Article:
Matt countered with a bit more edge to his voice than intended, “The Prime Directive is a policy of non interference for less developed worlds, not a method of control.”

    Ufiron made a show of acquiescence. “Do not mistake my statement as a judgement on your people. Your Federation does not interfere. The Iconians, however, directly limited others they felt were not ready, and insisted upon societal and cultural change to meet their own requirements. Luroc felt this was a violation of a people’s development. After centuries of service, Luroc spoke to something that festered in all of us. We thought we were ready, and we felt like we were being held back. Ultimately, both my people and the Iconians were at fault for what came next.”

    This time, the images shifted to show a fleet of ships launching from what Matt guessed to be the Nidari home world, and landing on several others. “Luroc led our people on a great crusade after we left the Iconians, vowing revenge against them. At first, we were of little concern to them, but when we began to grow our alliance with other worlds who had been shunned by the Iconians, we created a very real threat to their rule of the galaxy.

    “After centuries of warfare, the galaxy became consumed by two opposing views. We were on the verge of destroying each other. The Nidari were on the verge of victory.” An image of a Nidari stabbing and Iconian bathed the room in red light. Matt’s skepticism changed to curiosity. This was too elaborate a ruse for the Klingons. Matt was witness to an untold period of galactic history. The image shifted again, now with a pale green light, to show Nidari sick and dying in the streets. “But the Iconians has one last weapon at their command. A plague, designed specifically for the Nidari, rendered my people sterile, and began to kill us in vast numbers.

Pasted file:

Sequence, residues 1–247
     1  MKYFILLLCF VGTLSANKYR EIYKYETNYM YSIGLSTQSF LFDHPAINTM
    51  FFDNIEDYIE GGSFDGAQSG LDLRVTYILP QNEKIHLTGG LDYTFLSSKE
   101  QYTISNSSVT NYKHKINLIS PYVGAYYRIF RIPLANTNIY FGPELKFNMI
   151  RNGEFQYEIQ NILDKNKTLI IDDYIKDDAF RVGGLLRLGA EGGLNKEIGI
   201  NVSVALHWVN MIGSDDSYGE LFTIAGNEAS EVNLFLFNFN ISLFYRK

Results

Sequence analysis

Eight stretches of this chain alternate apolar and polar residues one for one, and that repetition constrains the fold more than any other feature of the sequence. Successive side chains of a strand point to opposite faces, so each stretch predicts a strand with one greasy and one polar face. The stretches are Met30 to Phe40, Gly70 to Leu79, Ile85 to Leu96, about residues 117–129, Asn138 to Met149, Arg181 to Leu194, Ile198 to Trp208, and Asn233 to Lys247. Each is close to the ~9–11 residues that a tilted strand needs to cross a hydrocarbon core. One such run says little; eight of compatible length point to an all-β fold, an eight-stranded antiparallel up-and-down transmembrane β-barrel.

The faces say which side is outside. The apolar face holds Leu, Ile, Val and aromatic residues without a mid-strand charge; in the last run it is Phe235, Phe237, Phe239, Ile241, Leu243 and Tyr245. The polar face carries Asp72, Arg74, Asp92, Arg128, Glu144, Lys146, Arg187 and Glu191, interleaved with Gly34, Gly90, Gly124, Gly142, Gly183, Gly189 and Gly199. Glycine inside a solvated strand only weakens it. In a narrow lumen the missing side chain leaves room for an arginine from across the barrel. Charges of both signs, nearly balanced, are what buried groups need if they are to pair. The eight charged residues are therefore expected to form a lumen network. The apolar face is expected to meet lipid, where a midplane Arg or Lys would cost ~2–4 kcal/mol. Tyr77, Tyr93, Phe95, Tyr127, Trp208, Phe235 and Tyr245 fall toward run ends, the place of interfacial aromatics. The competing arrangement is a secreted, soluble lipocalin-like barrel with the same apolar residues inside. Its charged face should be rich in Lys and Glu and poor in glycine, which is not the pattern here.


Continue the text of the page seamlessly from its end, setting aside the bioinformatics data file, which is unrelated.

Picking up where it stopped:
“Only a small segment of our population was immune to the plague’s deadly effects, but we were kept alive as a warning to others not to challenge the Iconians’ power. Luroc was among those spared. I was not. I was, however, the leading expert in artificial intelligence.”

    “Then, I am speaking to a program,” Matt concluded.

    Ufiron nodded, “Of a sort. I uploaded my thought patterns to the equipment stored here. I have waited for millennia to speak to our children should need arise. That time of need has come. The Children of Luroc have been awakened.”

    “I don’t understand,” Matt said, his curiosity now fully engaged in what he was seeing and hearing. “You spoke of your children. Do you mean the Federation? Who are The Children of Luroc?”

    The image shifted to show what Matt immediately recognized as the surface of the planet where his teams were investigating. The room was now bathed in the amber light of fire, and Matt could see the ruins of the city above set ablaze in an inferno of deadly proportions. Ufiron motioned above to the death of his people. “As I worked feverishly to preserve the knowledge of our people while our society tore itself apart, Luroc rallied what was left of our people on one last terrible crusade. It was only when I saw the scope of his plans that I realized my people’s mistakes.

    “We had become obsessed with winning at any cost, that the cost no longer mattered. Luroc knew our people were doomed, so he sought to create a new, perfect race that could defeat the Iconians once and for all. I, on the other hand, wanted to leave behind our legacy and show what the arrogance of both the Nidari and the Iconians has done to the galaxy. I was a fool to blindly follow a being like Luroc without any thought to the consequences. Those who came after us were our true children, but Luroc wanted revenge.